Clarity First Newsletter,
February 11, 2022

“Love alone is the only reasonable activity or pursuit of humankind….For Love not only annihilates our fear of meaninglessness but empowers us to seek the happiness of others. And this indeed is our greatest happiness.”
– Leo Tolstoy

Love & Work

A notebook about how we work, learn, love and live.

The power of humans to learn and share never ceases to amaze me. Here are some examples I fished out of the firehose this week.

Happy Friday.


How art, architecture, and fashion design can actually help restore the earth’s biodiversity.

Carole Collet. Photo: Misha Haller

Carole Collet, a professor of Design for Sustainable Futures at Central Saint Martins (C.S.M.) in London, has spent decades studying how biological systems might help humans create a more regenerative future—one that shifts the focus from merely lessening society’s negative impact on the planet to exploring ways in which art, architecture, and fashion design can actually help restore the earth’s biodiversity. Collet’s investigations narrow the gap between the hypothetical and the viable. Her project Biolace, for example, first exhibited almost a decade ago, explored the concept of modifying the DNA of plants to produce delicate, latticed textiles. Now, among other things, she’s looking into fabric-like matter that is naturally grown by trees. Her work generally falls under the field of biodesign, an emerging movement of scientists, artists, and designers that integrates organic processes and materials into the creation of buildings, objects, and clothes.” – Mara Fisher

Article: What the Fashion Industry Can Learn From Biology

Emotional Health

How and why emotional pain can lead to physical pain and illness

Florence Williams

“This is FRESH AIR. I’m Terry Gross. Heartbreak can make you physically ill. Take my guest, science journalist Florence Williams – when her husband left her after more than 25 years, they had to devise a plan for co-parenting. And she says physically, she felt like her body had been plugged into a faulty electrical socket. She lost 20 pounds. She’d stopped sleeping. She developed diabetes. It was hard to think straight. She wanted to understand why the emotional upset she was experiencing was also causing her body and brain to malfunction. She found in recent years science had begun to investigate the biological pathways of this brand of pain. She traveled across the U.S. and to England to report on researchers investigating how and why emotional pain can lead to physical pain and illness.” – Terry Gross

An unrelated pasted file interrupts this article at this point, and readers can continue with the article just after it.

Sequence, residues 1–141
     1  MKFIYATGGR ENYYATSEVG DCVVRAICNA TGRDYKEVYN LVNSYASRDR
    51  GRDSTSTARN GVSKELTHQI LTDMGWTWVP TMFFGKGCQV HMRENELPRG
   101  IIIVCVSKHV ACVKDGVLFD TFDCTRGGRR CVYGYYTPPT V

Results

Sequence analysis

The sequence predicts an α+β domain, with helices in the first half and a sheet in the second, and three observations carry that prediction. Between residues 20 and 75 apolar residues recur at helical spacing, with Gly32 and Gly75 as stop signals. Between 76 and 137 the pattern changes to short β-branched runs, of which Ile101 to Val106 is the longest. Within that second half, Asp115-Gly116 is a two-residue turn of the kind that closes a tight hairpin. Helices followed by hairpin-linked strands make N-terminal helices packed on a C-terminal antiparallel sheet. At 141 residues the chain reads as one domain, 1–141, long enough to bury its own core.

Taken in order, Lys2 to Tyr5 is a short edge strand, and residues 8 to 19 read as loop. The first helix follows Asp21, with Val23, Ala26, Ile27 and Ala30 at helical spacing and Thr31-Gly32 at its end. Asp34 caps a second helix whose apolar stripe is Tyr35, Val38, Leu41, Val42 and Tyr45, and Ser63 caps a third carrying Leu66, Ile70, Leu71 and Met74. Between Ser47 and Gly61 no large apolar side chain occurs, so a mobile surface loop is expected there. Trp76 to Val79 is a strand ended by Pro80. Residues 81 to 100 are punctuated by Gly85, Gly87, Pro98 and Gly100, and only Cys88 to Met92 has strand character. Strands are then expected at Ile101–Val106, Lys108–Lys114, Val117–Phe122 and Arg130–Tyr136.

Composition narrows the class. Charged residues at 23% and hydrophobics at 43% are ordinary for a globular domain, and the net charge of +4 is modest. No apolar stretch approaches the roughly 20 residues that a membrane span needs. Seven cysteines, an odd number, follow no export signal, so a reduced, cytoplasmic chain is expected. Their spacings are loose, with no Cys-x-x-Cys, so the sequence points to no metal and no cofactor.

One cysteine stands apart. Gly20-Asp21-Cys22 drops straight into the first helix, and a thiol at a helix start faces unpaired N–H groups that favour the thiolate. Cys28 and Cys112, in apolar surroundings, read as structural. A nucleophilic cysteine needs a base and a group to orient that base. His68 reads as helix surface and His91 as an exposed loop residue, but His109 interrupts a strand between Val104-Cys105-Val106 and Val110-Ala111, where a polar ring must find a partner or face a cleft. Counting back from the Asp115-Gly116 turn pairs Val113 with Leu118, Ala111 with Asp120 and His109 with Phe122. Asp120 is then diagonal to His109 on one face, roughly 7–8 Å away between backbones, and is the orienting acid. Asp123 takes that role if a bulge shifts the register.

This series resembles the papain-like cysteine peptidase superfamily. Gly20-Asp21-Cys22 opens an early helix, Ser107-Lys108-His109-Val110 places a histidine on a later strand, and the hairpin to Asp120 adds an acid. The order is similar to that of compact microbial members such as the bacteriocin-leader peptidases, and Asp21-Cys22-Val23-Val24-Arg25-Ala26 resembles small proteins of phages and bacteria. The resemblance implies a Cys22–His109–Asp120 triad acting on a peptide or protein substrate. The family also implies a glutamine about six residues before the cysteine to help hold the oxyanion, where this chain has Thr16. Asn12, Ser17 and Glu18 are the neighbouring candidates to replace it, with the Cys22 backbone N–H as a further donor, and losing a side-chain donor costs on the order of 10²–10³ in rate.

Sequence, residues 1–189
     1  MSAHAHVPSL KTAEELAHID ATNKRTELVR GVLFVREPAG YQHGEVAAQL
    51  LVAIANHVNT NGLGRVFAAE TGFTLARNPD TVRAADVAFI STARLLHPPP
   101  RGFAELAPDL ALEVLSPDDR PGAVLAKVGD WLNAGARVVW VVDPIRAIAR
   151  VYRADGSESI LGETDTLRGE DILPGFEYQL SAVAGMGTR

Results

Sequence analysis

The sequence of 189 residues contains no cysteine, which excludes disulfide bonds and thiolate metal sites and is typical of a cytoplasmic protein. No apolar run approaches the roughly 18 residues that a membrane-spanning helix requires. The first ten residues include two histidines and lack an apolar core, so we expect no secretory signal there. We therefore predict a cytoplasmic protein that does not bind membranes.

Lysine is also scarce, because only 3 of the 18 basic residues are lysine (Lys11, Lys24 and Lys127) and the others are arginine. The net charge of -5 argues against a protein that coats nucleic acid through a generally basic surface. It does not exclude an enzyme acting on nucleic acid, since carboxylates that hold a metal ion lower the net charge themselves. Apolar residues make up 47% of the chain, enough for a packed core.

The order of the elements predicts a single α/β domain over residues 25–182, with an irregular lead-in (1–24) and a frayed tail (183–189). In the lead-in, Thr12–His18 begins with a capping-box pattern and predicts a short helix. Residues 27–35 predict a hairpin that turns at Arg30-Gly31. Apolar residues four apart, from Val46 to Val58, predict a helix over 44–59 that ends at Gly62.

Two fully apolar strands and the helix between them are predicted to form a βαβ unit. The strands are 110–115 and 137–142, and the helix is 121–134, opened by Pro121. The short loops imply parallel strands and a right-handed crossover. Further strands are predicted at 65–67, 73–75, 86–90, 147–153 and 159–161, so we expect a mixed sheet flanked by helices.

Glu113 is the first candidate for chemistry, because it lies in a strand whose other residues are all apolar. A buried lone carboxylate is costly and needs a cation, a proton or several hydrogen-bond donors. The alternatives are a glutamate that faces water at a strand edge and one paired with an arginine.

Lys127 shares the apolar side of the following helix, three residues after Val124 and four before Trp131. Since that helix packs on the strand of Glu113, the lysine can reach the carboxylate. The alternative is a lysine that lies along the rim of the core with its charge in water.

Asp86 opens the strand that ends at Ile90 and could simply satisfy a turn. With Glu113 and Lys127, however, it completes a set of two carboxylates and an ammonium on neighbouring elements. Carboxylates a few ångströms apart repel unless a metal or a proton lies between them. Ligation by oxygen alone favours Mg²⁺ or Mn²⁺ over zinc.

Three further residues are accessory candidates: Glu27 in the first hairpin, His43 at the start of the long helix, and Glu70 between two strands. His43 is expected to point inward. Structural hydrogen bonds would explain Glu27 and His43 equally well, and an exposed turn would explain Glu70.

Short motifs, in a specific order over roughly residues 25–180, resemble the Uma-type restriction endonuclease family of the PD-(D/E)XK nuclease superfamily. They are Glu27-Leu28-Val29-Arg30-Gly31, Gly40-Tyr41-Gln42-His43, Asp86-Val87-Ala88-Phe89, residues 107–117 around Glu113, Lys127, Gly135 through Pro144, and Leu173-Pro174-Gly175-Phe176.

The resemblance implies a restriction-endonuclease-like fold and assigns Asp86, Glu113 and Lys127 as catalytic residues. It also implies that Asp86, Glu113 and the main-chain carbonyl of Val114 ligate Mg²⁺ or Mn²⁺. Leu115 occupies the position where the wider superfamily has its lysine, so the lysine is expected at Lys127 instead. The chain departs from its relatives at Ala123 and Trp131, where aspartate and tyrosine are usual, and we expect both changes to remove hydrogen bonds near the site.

Podcast/Transcript: Heartbroken? There’s a Scientific Reason Why Breaking Up Feels So Rotten

Related Article: Was He Really Having a Heart Attack?

Psychedelics, Disparity

The coming psychedelic-industrial complex threatens to strip hallucinogenic drugs of their historical and religious significance.

“Obregón Matzer’s sense of place has always included the perpetually looming threat of placelessness—and the dream of helping others overcome it.” Photo by Jason Henry

Before there was LSD, there were psilocybin mushrooms. Before there was MDMA, there was ayahuasca plant medicine. Both have been shared by indigenous people for generations as far back as can be remembered, always in a ritualized context.

Yet, “what for centuries has been a largely taboo or prohibited experience is on the verge of becoming fully legal in majority-minority California and other states. The growing and largely white business of blowing minds adds to the economic distress of poor, non-white communities while denying them access to the powerful mind-altering substances that might help them. The fate of the psychedelic underworld hangs in the balance. As it stands, the dismal statistics documenting access to legalized psychoactive medicines look no better than employment statistics for people of color at Facebook, Twitter, and other Silicon Valley companies whose employees and investors are (again) putting the Bay Area in the vanguard of the next movement.